Why is it…?

I sometimes wonder what moves people to do certain things.  Or, in the alternative, why they don’t see a down side to their actions.  For example, do you own an iron?  We do (not that it spends much time anywhere besides its box).  Have you ever actually read the box?  If you have, maybe you’ve seen a conspicuously marked passage like the one on the package insert that came with our iron: WARNING:  Do not iron clothes while wearing.


Like, who would do that?  Why would someone think that would be a happy choice?  But clearly, someone did.  Or someone thought someone would.

And if you’re wondering why someone would read the package insert on the iron, the answer is, “Because it’s there.”

Dog_122511Our dog occasionally engages in baffling behavior.  Yeah, I know I said “people,” but she thinks she is one, so let’s humor her.  This is Herself, Christmas a year ago, enjoying her gift.

No, we don’t usually condone eating on the sofa, and no, we don’t take her food or treats away once we give them to her. So we’re not sure why she felt the need to go in a somewhat isolated corner to enjoy her gift.

Because she’s a rescue dog, we speculate that other dogs where she lived before may have taken her food, and so maybe she’s hiding behind the tree to protect it out of habit.  Maybe.  But there’s enough floor space for her between the couch and the tree.  She did the same thing this year.

It’s like when the dh gives her a tidbit in the kitchen and she brings it into the bedroom to eat it.  I’m tempted to wave and go, “Hello?  I’m here.  Watching you.  Just like he would be watching you in the kitchen.”  All kidding aside, we think this is some sort of low-in-the-pack-order behavior, but we still find it baffling.

renegade_finalAs our regular visitors know, I have a book out.  That’s still a thrill for me to write.  Or to tell people.  Or just to think about. *g*  To help people decide whether they’d like the book, I have an excerpt on my website.  I’ve discovered, though, that not everyone supplies excerpts.

Because writing hasn’t made me any less voracious a reader, aside from diminishing the time I have to do it, I still love discovering new authors.  You may have read the post I did about that New Year’s Eve, and those were only a sampling of the books and authors who made me into a fan in 2012.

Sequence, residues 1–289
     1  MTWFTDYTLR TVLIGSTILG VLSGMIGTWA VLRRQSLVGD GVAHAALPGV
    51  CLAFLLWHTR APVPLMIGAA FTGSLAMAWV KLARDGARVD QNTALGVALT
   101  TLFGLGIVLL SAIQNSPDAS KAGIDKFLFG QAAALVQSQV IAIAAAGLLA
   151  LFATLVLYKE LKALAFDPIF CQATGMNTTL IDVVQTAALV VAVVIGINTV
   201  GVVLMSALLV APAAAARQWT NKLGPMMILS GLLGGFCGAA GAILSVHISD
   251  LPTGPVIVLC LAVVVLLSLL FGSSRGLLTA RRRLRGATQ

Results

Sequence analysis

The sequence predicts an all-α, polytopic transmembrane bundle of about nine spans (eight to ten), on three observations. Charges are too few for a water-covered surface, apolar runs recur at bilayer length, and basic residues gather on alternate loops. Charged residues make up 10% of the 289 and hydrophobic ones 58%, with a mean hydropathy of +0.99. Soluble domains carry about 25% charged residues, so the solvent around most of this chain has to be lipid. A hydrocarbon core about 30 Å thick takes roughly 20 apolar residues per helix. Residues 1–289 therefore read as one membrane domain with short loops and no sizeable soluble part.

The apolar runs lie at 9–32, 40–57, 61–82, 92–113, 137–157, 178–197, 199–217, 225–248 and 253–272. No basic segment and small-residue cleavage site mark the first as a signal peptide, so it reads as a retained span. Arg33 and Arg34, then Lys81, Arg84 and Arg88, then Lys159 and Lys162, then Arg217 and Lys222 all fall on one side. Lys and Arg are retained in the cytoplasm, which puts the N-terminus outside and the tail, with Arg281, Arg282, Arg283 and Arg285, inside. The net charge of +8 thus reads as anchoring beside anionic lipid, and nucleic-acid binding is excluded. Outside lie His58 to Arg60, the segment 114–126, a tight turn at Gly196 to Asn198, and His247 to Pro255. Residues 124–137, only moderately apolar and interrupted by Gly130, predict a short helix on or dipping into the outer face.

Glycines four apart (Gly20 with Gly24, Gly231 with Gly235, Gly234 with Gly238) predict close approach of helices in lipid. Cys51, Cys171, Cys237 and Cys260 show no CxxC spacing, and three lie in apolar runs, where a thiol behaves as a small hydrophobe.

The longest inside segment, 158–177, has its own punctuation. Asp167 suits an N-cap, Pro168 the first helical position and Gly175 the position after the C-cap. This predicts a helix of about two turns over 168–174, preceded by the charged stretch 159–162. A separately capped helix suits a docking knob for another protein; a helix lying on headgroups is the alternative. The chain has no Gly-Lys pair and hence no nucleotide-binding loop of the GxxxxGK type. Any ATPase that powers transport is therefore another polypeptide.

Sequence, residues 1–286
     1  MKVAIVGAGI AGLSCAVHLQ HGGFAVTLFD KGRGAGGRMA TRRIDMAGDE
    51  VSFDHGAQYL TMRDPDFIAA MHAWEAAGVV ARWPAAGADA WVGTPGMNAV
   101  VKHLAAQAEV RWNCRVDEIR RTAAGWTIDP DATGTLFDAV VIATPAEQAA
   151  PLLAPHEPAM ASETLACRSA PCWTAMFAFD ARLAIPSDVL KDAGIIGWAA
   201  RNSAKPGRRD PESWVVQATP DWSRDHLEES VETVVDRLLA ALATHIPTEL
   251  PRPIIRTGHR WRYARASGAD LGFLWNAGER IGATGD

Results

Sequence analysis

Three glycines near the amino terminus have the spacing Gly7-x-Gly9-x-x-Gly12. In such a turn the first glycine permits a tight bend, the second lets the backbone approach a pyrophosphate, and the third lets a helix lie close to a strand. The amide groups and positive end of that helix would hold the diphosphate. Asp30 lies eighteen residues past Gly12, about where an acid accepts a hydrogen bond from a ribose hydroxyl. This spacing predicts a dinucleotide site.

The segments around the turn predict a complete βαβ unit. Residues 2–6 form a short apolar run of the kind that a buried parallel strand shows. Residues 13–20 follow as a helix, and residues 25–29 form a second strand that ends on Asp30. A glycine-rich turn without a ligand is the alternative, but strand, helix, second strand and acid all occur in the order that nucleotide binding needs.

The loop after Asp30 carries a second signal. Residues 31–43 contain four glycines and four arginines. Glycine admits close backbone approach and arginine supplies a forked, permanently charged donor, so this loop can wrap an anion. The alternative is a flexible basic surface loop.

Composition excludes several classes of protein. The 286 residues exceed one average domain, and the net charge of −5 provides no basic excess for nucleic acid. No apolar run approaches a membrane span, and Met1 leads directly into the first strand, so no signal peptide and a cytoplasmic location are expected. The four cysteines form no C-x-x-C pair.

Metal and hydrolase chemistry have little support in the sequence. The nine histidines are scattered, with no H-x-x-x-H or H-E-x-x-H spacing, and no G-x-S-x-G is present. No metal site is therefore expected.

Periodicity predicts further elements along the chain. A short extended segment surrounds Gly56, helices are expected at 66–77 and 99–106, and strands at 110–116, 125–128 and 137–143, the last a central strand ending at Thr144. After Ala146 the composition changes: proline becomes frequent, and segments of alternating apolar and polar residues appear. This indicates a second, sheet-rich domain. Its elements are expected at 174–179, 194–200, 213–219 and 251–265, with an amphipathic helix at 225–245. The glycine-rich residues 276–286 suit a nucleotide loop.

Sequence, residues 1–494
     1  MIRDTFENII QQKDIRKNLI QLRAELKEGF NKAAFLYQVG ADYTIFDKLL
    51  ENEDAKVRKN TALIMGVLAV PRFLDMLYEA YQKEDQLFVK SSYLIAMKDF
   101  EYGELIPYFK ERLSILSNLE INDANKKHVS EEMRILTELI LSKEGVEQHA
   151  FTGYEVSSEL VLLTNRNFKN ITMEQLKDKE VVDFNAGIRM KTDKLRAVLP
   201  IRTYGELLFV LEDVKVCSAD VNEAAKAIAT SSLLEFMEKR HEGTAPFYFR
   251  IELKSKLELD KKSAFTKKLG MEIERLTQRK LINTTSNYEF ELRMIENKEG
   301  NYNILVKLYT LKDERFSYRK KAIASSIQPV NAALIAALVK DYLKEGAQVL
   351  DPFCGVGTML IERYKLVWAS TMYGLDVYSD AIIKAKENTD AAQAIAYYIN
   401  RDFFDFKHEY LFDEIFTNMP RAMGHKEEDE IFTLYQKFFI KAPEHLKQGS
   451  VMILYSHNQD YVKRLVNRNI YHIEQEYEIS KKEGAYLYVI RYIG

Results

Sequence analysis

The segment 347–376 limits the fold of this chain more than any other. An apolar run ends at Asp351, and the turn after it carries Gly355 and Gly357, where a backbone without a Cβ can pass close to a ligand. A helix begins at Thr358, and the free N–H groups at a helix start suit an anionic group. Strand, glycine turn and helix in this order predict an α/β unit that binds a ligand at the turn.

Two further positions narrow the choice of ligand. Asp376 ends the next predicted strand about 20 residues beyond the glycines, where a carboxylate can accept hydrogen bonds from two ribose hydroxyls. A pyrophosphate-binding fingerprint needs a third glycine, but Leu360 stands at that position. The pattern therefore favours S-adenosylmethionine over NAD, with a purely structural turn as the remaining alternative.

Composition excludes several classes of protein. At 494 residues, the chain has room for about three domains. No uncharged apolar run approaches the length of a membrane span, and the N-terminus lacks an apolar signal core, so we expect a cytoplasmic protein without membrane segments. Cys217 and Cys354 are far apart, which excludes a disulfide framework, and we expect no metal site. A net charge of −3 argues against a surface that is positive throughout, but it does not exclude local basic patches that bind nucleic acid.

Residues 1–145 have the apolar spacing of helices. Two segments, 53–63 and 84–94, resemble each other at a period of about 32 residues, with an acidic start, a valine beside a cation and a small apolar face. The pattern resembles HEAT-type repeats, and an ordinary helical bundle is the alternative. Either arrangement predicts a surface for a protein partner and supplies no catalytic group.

If I happen across a new author in a bookstore, I’ll read the blurb and then the first page and then maybe a few random pages.  If I like the author’s voice and the characters I encounter in that brief sampling, I’ll buy the book.

But stumbling across a new author in bookstores is increasingly difficult.  When I see an interesting book mentioned online, I go to the author’s site to check it out.  Several times lately, I’ve found no excerpt.

I realize I can download a sample, but that’s more work, and then I have to go through the steps of deleting it from my iPad if I don’t want to buy the book.  So that’s still more work.  It’s not complicated, no, but it takes time.  Going to the author’s site, clicking a link, and reading is faster.  I’ve bought books online a couple of times, only to find that while they were perfectly okay, I couldn’t get into them, so I don’t buy a book anymore if I can’t check out the author’s voice.

This baffles me.  I understand waiting until the copy is edited before posting it, but when we’re talking about book one of, say, four, why would an author not put an excerpt up for people to sample?  Am I the only holdout who prefers to sample and do it as easily as possible?

Finally, why would someone approach and feed an alligator?  Yes, really.  On our research trip to the Okefenokee Swamp in November, the dh and I drove around Chesser Island, which may be the largest dry ground in the refuge.  I was gobsmacked to see this sign.


The sign isn’t big enough to read here, but it says “Alligator Safety.   It is illegal to feed or harass wildlife.  Do not approach Alligators.”  The italics and the capital A are in the original text. I looked at it and thought, Really?  People feed alligators?  So I asked the ranger about it when we finished our drive.

She assured me that yes, notwithstanding that alligators are predatory carnivores with very large mouths full of very sharp teeth, people do feed them.  “Then the alligator loses its fear of people,” she added, ” and starts following them around, so it has to be relocated.”